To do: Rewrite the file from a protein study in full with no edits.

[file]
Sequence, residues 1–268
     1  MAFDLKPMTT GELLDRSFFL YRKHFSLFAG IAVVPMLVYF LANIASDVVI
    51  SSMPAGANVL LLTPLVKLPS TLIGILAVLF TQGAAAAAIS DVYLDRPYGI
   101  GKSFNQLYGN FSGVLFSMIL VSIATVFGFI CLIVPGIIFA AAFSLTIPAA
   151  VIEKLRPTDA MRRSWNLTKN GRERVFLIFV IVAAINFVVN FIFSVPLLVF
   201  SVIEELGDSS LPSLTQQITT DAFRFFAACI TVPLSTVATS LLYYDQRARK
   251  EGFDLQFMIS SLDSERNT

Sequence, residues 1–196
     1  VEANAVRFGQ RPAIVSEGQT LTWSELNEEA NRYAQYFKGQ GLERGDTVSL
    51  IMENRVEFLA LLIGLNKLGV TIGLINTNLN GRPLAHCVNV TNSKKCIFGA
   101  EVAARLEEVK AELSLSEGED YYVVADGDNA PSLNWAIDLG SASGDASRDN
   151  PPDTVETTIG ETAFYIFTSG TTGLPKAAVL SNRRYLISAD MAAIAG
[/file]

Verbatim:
Sequence, residues 1–268
     1  MAFDLKPMTT GELLDRSFFL YRKHFSLFAG IAVVPMLVYF LANIASDVVI
    51  SSMPAGANVL LLTPLVKLPS TLIGILAVLF TQGAAAAAIS DVYLDRPYGI
   101  GKSFNQLYGN FSGVLFSMIL VSIATVFGFI CLIVPGIIFA AAFSLTIPAA
   151  VIEKLRPTDA MRRSWNLTKN GRERVFLIFV IVAAINFVVN FIFSVPLLVF
   201  SVIEELGDSS LPSLTQQITT DAFRFFAACI TVPLSTVATS LLYYDQRARK
   251  EGFDLQFMIS SLDSERNT

Sequence, residues 1–196
     1  VEANAVRFGQ RPAIVSEGQT LTWSELNEEA NRYAQYFKGQ GLERGDTVSL
    51  IMENRVEFLA LLIGLNKLGV TIGLINTNLN GRPLAHCVNV TNSKKCIFGA
   101  EVAARLEEVK AELSLSEGED YYVVADGDNA PSLNWAIDLG SASGDASRDN
   151  PPDTVETTIG ETAFYIFTSG TTGLPKAAVL SNRRYLISAD MAAIAG